FAQ’s Explained
Q: How do you get to heaven?
You get to heaven in this way: Whoever calls on the name of the Lord Jesus with a humble heart and asks for His forgiveness in life will be saved. The Bible calls it believing. Knowing, honoring, accepting and trusting who Jesus is and what He did for me- He died for my sins—is the only way to heaven. It is the way to heaven, and it is a very simple way to heaven.
Q: If I go to heaven and someone I love isn’t there, will I be upset that that person isn’t there?
The way I reason through this is that we will so honor God for the correctness of His judgment. We will be able to see that He did everything in His power to try to reach that person. If they refused Him, they get what they deserve and we will so rejoice in God’s fairness and justice. When you’re in a class, and say you got a well-deserved A on your test, while someone over here slapped it together the night before and got a C-. You wouldn’t say “awe, that poor kid, I feel so bad for him.” You’d say, “You know what? He got what he deserved.” We will so rejoice in how fair and gracious God is. I’m not even sure that we will be aware of that, but I know we will not feel sadness.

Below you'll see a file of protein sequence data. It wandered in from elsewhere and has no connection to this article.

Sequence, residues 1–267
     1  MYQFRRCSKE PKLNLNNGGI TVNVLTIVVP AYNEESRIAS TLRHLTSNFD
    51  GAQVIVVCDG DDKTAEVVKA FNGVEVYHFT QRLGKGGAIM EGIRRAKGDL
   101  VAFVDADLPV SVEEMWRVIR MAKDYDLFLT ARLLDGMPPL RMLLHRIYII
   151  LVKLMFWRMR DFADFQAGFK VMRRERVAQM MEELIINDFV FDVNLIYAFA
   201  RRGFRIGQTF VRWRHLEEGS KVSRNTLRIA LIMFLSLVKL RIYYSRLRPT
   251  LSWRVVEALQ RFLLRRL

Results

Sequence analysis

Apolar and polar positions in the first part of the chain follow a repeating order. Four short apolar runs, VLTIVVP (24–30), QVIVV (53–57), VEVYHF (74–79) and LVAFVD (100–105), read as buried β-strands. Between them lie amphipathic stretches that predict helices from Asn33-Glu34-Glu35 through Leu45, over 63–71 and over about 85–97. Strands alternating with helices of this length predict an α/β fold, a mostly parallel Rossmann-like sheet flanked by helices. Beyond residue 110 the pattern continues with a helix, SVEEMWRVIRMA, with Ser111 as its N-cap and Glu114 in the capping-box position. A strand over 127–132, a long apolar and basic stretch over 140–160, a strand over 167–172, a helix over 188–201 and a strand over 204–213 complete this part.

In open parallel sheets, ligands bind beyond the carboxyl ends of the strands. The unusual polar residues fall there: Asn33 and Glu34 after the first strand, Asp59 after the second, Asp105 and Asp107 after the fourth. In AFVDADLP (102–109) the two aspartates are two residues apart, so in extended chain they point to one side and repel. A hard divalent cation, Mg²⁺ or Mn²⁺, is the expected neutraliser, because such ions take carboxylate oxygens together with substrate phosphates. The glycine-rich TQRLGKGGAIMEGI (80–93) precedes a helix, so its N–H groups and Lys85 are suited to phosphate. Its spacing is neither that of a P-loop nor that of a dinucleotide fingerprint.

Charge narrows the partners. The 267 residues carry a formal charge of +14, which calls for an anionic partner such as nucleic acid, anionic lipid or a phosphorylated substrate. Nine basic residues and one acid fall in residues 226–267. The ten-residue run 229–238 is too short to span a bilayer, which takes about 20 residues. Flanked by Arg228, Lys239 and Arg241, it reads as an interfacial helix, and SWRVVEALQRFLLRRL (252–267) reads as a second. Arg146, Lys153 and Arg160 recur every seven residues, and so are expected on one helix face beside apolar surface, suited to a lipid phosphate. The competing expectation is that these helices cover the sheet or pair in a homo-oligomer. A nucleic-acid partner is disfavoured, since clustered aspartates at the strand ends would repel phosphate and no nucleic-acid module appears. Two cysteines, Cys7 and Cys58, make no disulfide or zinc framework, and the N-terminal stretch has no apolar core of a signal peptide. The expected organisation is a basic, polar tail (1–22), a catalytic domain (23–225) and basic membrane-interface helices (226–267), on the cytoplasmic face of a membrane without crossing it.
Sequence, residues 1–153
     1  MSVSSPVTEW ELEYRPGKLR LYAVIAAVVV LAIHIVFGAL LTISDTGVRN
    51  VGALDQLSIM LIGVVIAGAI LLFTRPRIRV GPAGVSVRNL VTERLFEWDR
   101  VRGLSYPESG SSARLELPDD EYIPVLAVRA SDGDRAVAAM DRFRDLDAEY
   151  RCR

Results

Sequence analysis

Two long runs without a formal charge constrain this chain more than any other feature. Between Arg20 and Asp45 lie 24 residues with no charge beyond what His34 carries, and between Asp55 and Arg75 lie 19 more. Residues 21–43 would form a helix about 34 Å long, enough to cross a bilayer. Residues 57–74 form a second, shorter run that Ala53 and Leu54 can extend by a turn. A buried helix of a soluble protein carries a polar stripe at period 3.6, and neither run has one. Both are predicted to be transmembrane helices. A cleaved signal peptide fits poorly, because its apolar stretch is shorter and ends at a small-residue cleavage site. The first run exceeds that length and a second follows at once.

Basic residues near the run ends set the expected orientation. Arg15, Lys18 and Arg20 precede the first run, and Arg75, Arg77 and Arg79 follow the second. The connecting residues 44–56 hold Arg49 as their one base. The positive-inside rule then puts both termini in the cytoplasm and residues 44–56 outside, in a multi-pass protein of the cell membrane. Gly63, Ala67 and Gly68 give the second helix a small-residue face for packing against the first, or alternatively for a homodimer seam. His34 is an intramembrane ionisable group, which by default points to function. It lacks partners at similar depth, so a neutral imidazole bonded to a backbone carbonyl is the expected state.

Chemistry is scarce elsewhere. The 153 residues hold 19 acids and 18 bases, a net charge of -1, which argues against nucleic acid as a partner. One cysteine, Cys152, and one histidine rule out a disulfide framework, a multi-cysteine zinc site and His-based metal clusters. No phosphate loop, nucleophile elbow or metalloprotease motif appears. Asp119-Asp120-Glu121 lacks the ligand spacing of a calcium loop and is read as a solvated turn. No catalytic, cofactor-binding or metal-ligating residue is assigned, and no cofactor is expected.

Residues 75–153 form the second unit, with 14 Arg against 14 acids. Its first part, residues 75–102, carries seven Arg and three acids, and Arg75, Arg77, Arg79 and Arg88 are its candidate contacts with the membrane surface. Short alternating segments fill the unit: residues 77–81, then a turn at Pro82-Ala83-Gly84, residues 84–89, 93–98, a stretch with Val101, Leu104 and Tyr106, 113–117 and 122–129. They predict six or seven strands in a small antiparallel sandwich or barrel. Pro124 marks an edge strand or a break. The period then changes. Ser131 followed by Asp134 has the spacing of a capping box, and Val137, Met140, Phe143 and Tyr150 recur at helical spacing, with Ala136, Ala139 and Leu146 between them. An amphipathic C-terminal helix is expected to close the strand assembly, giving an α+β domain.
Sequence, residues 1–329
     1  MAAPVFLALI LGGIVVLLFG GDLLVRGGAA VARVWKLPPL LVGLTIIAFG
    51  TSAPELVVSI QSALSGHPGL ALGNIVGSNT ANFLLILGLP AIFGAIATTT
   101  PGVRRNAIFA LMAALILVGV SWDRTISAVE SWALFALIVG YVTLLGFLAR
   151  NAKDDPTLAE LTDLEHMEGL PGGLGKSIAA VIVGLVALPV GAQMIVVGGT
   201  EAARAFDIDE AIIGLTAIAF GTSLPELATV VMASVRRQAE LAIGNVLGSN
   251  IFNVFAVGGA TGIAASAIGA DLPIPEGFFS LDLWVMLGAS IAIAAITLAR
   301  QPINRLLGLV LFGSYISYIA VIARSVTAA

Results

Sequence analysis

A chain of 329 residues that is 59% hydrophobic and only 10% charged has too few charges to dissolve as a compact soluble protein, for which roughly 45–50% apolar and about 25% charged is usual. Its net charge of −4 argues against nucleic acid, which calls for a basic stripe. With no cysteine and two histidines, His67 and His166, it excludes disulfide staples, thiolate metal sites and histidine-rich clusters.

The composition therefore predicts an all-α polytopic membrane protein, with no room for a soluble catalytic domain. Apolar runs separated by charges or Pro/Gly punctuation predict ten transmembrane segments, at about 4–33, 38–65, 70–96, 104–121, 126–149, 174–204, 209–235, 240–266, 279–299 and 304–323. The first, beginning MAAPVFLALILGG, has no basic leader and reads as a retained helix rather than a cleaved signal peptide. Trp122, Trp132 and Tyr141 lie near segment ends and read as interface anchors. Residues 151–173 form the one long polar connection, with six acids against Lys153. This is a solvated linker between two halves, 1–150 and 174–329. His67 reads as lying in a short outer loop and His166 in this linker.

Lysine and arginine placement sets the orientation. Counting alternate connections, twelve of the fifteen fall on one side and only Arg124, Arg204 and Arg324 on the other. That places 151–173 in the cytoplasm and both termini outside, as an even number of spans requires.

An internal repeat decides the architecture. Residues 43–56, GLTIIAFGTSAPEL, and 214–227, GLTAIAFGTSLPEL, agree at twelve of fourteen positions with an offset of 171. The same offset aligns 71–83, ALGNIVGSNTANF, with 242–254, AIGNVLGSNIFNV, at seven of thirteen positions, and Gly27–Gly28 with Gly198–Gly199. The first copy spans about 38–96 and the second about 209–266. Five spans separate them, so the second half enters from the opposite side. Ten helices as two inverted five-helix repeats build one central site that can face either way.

Q: How do we know God created the universe?
Look at the intricacies of our world. The further North you go, the growing season is shorter. Plants have to grow faster and animals have to have their young earlier. The breeding season of elk in the high Rockies comes in September so that elk calves are born earlier. This enables them to survive the following winter. Here, deer’s breeding season is in November, so they’re born in late April. That’s plenty of time that by winter, they’re plenty strong to survive. How could anybody look at all that amazing order and not think, “Something thought that through?” If we were 80 million miles from the sun, we’d burn up. If we were 100 million miles away, we’d freeze up. We’re 90 million miles from the sun, and we go right to the edge of what we can survive. If that wasn’t carefully thought through, we’d all die, but God put us just in the right place.